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Mallard Recruitment in the Agricultural Environment of North Dakota

Habitat Conditions and Climate

Aerial photographs were taken of a systematic sample of 66 1 x 3.2-km plots twice during each year, except 1978 when 4 flights were made. Thirty-five-mm format was used in 1977 and 70-mm format in 1978-80. Scale ranged from 1:18,000 to 1:28,000. Pond basins on each plot were classified according to Stewart and Kantrud (1971) by ground study, and a map was prepared for each sample plot. Aerial photographs were interpreted after each flight, and each pond was placed in 1 of 3 wetness classes of nearly full, about one-half full, or almost dry. These data were used to develop wetness indices for each wetland class (Cowardin et al. 1981).

Upland habitat on the transects and at nest sites was classified into 1 of 6 cover types as follows:

  1. Grassland included all pasture and idle areas dominated by native or planted grasses. Native grasslands usually had inclusions of woody vegetation, primarily western snowberry (Symphoricarpos occidentalis) or silverberry (Elaeagnus commutata).

  2. Hayland included all areas planted to forage crops and mowed for hay. Nearly all haylands were planted to alfalfa (Medicago sativa) or yellow sweetclover (Melilotus officinalis).

  3. Wetland included all areas within the wet meadow, shallow marsh, deep marsh, and fen zones defined by Stewart and Kantrud (1971).

  4. Cropland included all areas that were annually tilled for production of grain and row crops.

  5. Right-of-way included the area between fences and the road surface or between cropland borders and the road surface along primary and secondary roads and railroads.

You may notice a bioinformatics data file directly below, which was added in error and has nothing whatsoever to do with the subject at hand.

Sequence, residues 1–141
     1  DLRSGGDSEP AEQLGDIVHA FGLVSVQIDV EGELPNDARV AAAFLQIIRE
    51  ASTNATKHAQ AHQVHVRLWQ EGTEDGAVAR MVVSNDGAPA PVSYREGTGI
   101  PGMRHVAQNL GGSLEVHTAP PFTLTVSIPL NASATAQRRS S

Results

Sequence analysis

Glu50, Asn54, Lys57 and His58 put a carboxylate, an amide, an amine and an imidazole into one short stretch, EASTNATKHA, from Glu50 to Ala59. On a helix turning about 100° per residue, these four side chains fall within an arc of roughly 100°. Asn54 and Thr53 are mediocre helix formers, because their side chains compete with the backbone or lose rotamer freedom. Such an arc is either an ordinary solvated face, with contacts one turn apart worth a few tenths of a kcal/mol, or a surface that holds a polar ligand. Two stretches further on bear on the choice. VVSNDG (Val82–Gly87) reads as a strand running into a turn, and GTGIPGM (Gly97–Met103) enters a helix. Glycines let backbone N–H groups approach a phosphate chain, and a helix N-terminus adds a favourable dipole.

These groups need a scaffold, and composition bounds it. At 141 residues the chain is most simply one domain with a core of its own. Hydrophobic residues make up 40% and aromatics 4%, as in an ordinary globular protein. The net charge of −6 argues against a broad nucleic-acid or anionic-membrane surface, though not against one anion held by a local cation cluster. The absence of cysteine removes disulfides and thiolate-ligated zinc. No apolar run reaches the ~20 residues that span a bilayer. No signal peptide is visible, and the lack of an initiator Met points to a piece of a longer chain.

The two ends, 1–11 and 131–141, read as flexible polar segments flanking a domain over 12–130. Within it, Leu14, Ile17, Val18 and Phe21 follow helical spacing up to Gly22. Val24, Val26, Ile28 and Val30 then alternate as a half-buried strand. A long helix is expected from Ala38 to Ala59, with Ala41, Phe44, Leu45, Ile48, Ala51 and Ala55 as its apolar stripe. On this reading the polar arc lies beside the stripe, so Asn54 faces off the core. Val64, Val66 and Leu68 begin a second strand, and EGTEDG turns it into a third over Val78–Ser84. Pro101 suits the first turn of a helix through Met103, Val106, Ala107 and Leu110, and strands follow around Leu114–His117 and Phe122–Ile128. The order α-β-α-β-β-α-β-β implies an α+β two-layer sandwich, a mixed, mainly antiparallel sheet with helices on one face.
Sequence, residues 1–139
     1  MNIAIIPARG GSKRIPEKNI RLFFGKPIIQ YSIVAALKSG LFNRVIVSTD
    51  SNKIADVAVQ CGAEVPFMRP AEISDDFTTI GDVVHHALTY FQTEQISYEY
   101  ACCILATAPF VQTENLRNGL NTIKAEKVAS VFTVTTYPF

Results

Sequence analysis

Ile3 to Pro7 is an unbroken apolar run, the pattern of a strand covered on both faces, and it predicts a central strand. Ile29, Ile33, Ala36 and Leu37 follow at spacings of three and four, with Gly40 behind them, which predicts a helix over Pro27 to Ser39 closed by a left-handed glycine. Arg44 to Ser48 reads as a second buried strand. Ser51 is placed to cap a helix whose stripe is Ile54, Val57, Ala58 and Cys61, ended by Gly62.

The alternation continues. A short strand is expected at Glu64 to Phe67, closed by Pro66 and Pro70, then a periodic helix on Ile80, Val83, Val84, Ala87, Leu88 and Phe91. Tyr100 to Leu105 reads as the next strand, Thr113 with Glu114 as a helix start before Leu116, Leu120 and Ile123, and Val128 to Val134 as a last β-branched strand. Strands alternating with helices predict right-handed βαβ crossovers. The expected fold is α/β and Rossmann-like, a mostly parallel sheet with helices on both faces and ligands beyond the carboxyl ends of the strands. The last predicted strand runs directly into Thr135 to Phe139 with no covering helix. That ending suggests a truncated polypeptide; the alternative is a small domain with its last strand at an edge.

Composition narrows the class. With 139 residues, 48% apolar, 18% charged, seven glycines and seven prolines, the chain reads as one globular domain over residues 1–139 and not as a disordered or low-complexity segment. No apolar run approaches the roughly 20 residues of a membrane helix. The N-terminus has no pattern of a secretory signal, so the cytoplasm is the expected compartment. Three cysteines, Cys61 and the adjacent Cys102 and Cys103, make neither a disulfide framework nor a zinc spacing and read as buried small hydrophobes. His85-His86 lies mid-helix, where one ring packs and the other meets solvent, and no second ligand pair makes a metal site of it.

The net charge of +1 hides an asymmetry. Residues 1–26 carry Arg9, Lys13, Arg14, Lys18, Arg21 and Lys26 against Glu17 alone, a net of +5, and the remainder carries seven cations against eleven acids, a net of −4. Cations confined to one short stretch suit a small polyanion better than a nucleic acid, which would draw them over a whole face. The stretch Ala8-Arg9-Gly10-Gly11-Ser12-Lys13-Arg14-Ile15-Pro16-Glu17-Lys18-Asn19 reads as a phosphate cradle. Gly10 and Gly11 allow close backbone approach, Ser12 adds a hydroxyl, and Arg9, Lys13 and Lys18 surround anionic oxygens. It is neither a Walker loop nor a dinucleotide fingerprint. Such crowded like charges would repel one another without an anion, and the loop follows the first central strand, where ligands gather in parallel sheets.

6. Odd areas included an array of different features such as rock piles, haystacks, gravel pits, shelterbelts, and farmsteads.
Data from the photographs were used to estimate available habitat within the study area.

Vertical aerial photographs centered over each nest and at an approximate scale of 1:12,500 were obtained as soon as possible after termination of the nest. These photographs were enlarged to a scale of 1:2,400, and the cover types were photointerpreted and delineated. Photointerpretation was verified during later visits to the nest. A circle with radius of 200 m was inscribed on the photographs (Fig. 2). The area of each cover type within the 200-m-radius circle was delineated and measured with a Numonics Graphics Calculator (Model 1224, Numonics Corporation, 418 Pierce Street, Landsdale, PA 19446óReference to trade names does not imply government endorsement of commercial products).

JPG-aerial photo
Fig. 2. Aerial photograph of mallard nest site (at center of small
circle) in a semipermanent wetland. Field on left is swathed grain.
Several rock piles (odd areas) occur in this field. The field to the
south is summer fallow (cropland). The one on the right is native
grassland (grassland). Small numbers refer to a detailed classifi-
cation used in field work but not described in this paper. The
large circle is 200 m in radius and defines bounds of area used
for analyzing habitat availability.

We also inscribed 1-km-radius circles around nest sites on overlays of 1:63,360-scale color-infrared photographs. Within the circle we determined the number of wetlands by size class, the distance from the nest to the nearest wetland at time of nest initiation and time of hatch, the distance to the nearest building, and the distance to travel lanes (e.g., roads, fence rows, shelterbelts) that might be used by predators.

When nests were first visited, the 3 most abundant plant species at the nest site were listed. Density of vegetation at the nest site was measured by the obstruction of visibility of a pole with markings painted at 5-cm intervals as described by Robel et al. (1970) and later modified for waterfowl studies (Kirsch et al. 1978, Higgins and Barker 1982). Ground photographs were taken of each nest and were used later to classify the nest site by vegetative life form.

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